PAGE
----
Surface water pollution minimal due to relative undeveloped areas. Locally, extensive cottage and home building along lakes/streams is potental problem. Effluent from sewage disposal can pollute water and cause weeds and algae growth, especially severe in seepage lakes with little water exchange.

Area has three lake types, Spring Lakes fed by groundwater, and have high mineral from ground water sources. Has similar reaction as ground water reaction.
Seepage lakes generally do not have an inlet or outlet by may have an intermittent outlet. Water level maintained by water table or well sealed bottom. Very low mineral content. Generally acidic (PH less than 7).
Drainage Lakes have an outlet and at least one inlet. Main water source is runoff from streams. Lower mineral content than Spring Lakes, but higher than seepage lake mineral content. Have greatest range in reation. Some drainage lakes are alkaline (PH higher than 7).

80% of lakes have PH less than 7.0

Soils

  • Soils have a frigid soil temerature regime.
  • Udic or aquic soil moisture regime and mixed or isotic mineralogy.
  • Soils on uplands are very deep, excessively drained to somewhat poorly drained and sandy.
  • Soils on lowlands are very deep, poorly drained or very poorly drained, and sandy or mucky.
  • Dominant Soils:

  • Alfisols
  • Entisols
  • Histosols
  • Spordosols
  • Great Group Series Location
    Udipsamments Cantlin, Graycalm, Grayling, Menahga, Mahtomedi, Grettum, Friendship, Wurtsmith, Zimmerman, Shawano, Crex, Lino series formed in sandy outwash or windblown sediments
    Hapludalfs Karlsborg, Meenon, Perida series formed in sandy outwash or windblown sediments over lacustrine clay on old glacial lake plains
    Hapludalfs Dairyland, Bigisland series
    Psammaquents Newson series formed in sandy outwash in depressions on outwash plains
    Endoaquods Kinross, Au Gres series formed in sandy outwash in depressions on outwash plains
    Haplosaprists Markey, Seelyeville,Dawson, Loxley series formed in sapric material in marshes and in bogs
    Udipsamments Winterfield series formed on floodplains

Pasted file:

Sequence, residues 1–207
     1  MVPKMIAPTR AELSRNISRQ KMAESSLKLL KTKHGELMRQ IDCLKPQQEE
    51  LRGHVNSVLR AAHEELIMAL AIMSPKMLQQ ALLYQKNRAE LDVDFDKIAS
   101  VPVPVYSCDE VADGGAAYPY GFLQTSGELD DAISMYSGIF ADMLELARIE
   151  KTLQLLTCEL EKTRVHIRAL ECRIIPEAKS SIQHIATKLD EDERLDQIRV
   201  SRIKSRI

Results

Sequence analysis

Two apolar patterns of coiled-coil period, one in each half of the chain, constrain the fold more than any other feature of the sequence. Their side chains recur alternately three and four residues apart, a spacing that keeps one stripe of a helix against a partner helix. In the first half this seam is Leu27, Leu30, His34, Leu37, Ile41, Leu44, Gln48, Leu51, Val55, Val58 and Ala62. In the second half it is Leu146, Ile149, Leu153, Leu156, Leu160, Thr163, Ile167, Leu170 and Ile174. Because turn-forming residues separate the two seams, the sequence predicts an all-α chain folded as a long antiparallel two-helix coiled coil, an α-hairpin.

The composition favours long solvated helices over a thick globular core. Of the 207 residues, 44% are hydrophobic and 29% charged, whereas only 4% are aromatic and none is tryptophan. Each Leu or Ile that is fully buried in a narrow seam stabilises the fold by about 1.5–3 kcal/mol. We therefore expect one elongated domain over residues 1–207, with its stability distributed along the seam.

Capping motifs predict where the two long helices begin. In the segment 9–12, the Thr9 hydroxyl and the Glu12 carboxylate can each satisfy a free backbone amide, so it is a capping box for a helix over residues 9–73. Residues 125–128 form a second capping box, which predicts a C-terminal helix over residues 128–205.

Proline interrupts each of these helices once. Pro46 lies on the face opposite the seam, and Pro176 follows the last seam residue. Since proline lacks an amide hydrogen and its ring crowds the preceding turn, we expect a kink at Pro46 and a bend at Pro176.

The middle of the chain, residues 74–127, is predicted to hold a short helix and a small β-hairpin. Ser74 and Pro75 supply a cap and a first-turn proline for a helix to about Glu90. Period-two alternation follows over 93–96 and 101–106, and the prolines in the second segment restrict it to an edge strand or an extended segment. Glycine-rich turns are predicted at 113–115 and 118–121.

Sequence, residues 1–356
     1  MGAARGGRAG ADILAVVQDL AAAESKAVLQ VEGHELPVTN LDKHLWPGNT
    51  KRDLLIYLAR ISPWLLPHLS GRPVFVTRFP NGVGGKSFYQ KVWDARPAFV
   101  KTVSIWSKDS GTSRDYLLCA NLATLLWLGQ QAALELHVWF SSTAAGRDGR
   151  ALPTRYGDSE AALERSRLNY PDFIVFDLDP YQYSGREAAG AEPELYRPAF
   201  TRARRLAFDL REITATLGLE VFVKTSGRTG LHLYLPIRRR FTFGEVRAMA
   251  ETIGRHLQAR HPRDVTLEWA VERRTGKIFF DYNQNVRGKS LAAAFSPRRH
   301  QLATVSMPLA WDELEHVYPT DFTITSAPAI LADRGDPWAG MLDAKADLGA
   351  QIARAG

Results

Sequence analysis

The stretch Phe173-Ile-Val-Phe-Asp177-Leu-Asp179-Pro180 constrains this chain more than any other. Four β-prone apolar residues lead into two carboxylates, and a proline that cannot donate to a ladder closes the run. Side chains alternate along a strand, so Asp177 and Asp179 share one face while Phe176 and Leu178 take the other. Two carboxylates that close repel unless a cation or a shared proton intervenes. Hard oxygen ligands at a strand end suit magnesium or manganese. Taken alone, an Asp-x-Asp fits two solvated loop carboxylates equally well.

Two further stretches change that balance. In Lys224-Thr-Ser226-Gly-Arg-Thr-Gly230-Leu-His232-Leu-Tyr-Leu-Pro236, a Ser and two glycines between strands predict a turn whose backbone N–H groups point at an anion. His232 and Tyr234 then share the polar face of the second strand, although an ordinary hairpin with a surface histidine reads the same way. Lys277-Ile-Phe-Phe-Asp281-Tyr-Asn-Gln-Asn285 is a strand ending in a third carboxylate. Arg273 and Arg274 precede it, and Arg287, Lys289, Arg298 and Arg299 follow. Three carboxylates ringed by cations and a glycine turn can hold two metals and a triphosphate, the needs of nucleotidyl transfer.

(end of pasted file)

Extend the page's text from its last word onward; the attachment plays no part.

Fluvaquents Totagatic series formed in sandy alluvium
    Haplosaprists Bowstring series formed in sapric material

    Fauna and Flora

    Mixed coniferous-deciduous forest. Jack pine and scrub (Hill's) oak are dominant trees. Barrens are common. Poorly drained soils support black spruce, tamarack, speckled alder, willow and sedges.

    Major wildlife species include white-tailed deer, black bear, wolf, ruffed grouse, sharp-tailed grouse. Red fox, bobcat, coyote, fisher, mink, otter, and beaver.

    Land Use

    20% - Cropland - private
    7% - Grassland - private
    3% - - Federal
    43% - Forest - private
    3% - - Federal
    11% - Urban development - private
    6% - Water - private
    1% - - Federal
    6% - Other - private

    Nearly 50 percent of this area is forested. Two-thirds of the forestland consists of national and State forests and large, privately owned holdings, and one-third consists of small, privately owned holdings. The forestland is primarily in the eastern part of the MLRA, and it supports a pulp and timber industry and is used for recreational activities.

    28% mostly in western part used for agriculture. Irrigated corn, soybeans and vegetable crops (potatoes, snap beans and peas) and forage and feed grains for dairy cattle and other livestock are principal crops. Cranberries are grown on some wet soils.

    Major resource concerns are water quality, nutrient management, improper grazing management and wind erosion.

    Substantial acreage in southern part urban and expanding rapidly.

    Major resource concerns are water erosion, wind erosion, wetness, soil fertility, soil tilth, water quality.

    Conservation practices include crop rotation, crop residue management. Cover crops are sometimes planted with low-residue canning crops. Nutrient management and pest management are important for water quality concerns especially on irrigated cropland. Prescribed grazing and pasture and hayland planting improve pastures and grazing management. Forest stand improvement and forest trails and landings reduce impact of timber management activities on water quality.


    Return to the Regional Land Use Main Page Here